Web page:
Yani Tseng captures Women's British Open title for a record fifth major

Thursday, August 4, 2011

Yani Tseng made golf history by winning the 2011 Ricoh Women's British Open championship at the legendary Scottish Carnoustie Golf Links on Sunday. At the age of 22 years and 6 months she is the youngest professional golfer of either gender to earn five major titles. Her final round of 69 allowed her to overcome a two shot deficit to third round leader Caroline Masson of Germany and finish with a four shot cushion over runner-up Brittany Lang of USA.

The Ricoh Women's British Open is one of four designated major championships on the LPGA Tour and the final such tournament on the 2011 schedule.

First round

Defending champion Yani Tseng
Image: Wojciech Migda (Wikimedia Commons).

Korean Meena Lee led the first round, played on Thursday, July 28, with a score of 65. The 29-year-old Lee, a two time winner on the LPGA Tour, hit seven birdies and no bogeys despite playing in the worst weather of the day. Constant rain did not seem to disrupt her game as other players struggled.

She started her round by making a birdie at the very first hole. She followed with birdies on all three par five holes and on the par four seventh, ninth, and short 11th holes. On the last hole she got a lucky break when her badly-hit approach shot fell short, and jumped across the Barry Burn to stop three feet from the hole; she missed her birdie chance.

Two shots behind Lee was 2009 Kraft Nabisco Championship winner Brittany Lincicome of the US. The American started her round much earlier than the eventual leader and took advantage of more favorable weather conditions. She was at even par after 11 holes with two birdies and two bogeys but things turned for the better and she made two consecutive birdies followed by an eagle on the 14th hole. Lincicome hit another on the 17th hole to seal her final score.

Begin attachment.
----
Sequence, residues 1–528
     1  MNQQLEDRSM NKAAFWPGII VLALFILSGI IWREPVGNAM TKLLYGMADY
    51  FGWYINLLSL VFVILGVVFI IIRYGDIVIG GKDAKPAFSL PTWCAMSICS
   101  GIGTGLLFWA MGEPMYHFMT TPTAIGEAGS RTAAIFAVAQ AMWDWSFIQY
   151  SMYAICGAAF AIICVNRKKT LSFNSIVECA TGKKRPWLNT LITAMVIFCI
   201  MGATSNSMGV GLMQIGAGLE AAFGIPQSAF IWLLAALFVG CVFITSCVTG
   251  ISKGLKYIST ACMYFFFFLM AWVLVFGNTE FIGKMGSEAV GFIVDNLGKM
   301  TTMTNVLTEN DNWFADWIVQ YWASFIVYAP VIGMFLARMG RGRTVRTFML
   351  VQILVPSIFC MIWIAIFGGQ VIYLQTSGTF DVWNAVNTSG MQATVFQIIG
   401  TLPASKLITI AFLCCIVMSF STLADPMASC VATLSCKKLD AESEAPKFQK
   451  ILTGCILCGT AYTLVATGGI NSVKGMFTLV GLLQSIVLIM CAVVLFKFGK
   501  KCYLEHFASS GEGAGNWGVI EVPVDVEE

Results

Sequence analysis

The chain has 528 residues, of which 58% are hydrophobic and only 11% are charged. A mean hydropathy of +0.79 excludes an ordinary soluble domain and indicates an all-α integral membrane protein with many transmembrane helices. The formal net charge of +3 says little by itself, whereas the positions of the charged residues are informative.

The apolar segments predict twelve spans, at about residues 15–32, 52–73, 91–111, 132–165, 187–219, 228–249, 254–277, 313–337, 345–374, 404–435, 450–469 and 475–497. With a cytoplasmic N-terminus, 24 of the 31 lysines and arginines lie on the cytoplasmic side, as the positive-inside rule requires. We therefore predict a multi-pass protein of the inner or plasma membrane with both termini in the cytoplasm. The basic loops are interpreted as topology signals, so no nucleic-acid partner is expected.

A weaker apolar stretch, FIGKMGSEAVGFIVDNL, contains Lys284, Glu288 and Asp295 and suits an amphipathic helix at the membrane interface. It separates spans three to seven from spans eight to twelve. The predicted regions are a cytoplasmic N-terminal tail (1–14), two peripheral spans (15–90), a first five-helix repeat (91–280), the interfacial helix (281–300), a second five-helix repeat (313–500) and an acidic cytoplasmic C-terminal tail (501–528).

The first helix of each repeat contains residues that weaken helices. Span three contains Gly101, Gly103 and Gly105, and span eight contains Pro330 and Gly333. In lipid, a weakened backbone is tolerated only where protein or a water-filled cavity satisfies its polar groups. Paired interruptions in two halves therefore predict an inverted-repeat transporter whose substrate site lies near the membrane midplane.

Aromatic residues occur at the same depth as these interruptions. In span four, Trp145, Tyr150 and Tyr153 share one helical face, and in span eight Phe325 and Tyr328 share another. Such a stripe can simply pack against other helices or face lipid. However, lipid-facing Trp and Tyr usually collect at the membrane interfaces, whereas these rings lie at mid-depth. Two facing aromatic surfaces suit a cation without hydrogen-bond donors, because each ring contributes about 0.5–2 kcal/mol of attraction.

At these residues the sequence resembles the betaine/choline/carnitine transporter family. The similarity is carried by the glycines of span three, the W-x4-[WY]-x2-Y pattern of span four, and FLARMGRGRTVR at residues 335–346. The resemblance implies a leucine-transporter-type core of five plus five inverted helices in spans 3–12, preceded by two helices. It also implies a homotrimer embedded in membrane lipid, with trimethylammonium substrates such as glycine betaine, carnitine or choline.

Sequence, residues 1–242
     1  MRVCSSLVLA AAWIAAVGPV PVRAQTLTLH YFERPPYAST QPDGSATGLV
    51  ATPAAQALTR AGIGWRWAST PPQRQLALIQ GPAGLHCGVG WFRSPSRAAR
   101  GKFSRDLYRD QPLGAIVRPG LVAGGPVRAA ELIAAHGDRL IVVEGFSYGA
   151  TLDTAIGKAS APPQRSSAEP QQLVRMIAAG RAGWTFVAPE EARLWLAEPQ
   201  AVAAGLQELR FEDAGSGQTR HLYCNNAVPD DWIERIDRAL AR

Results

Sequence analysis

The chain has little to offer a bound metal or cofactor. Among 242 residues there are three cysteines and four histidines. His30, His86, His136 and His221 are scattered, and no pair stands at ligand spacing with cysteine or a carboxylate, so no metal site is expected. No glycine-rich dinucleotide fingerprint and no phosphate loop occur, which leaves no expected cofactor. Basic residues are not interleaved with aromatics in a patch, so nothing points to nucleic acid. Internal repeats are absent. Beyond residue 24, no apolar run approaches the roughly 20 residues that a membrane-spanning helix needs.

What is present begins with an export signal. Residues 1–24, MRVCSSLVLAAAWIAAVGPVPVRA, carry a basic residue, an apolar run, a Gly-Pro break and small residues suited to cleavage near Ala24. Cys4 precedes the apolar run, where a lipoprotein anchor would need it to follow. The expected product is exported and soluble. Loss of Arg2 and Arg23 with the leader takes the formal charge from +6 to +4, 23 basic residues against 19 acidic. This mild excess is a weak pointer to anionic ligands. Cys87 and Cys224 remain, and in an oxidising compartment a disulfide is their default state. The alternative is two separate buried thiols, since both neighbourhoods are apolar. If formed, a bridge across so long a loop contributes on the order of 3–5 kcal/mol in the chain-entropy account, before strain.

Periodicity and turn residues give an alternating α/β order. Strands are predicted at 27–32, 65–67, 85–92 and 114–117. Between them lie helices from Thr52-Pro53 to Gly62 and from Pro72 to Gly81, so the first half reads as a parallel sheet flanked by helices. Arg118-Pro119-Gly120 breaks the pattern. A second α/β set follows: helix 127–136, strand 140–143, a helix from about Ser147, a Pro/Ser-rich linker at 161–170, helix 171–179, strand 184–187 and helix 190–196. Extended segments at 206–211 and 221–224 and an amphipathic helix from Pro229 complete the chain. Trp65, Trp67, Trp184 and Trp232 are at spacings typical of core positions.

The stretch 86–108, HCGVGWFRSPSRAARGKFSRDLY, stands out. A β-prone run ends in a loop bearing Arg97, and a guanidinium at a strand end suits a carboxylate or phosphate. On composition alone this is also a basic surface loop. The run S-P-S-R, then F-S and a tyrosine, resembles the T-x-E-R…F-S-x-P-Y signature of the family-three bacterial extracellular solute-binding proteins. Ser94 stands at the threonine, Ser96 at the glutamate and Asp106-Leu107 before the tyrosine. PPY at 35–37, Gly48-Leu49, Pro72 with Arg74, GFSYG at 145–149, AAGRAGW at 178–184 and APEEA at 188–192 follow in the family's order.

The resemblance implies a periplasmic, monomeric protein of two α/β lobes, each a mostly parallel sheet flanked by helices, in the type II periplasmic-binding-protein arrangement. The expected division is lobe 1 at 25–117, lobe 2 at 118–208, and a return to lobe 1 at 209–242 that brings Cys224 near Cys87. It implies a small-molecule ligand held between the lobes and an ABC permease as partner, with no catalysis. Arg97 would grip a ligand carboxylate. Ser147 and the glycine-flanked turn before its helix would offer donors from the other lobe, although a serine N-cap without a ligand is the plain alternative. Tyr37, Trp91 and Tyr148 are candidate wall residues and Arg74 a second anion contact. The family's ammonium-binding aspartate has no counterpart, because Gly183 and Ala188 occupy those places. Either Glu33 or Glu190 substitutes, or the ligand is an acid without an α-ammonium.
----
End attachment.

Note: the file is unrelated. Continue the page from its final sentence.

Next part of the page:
Another shot behind were four players - 2000 champion Sophie Gustafson of Sweden, Germany's Caroline Massson, American Angela Stanford, and Amy Yang of South Korea. Defending champion and World Ranked Number 1 Yani Tseng of Taiwan was three shots back at one-under-par.

Second round

Caroline Masson on the 13th green
Masson acknowledges the crowd after a birdie at the 13th
Image: Wojciech Migda (Wikimedia Commons).
Caroline Masson on the 16th hole
Masson standing over the 16th green
Image: Wojciech Migda (Wikimedia Commons).

Second round headlines belonged to the 22-year-old Caroline Masson, ranked 141st in the world. The native of Germany, who turned professional at the end of 2009 and plays on the Ladies European Tour, shot a bogey-free round of 65 to lead the championship after two rounds. Her total score of 11-under-par (133) was the lowest halfway result in the event's history.

Masson, who was tied for third after the first round, took advantage of the benign sunny conditions while playing in the last group on Friday. She went out in 32 making birdies at the 3rd, 6th, 7th, and 9th holes. On the par three 13th hole she added another birdie. On the 15th she went one shot better and almost eagled the par five 17th after hitting the green in two. During the post-round press conference she stated that one of the keys to her good score was work on a low ball flight, suitable for links courses. Masson's swing coach is Günter Kessler, who also works with her fellow countryman golfer Martin Kaymer.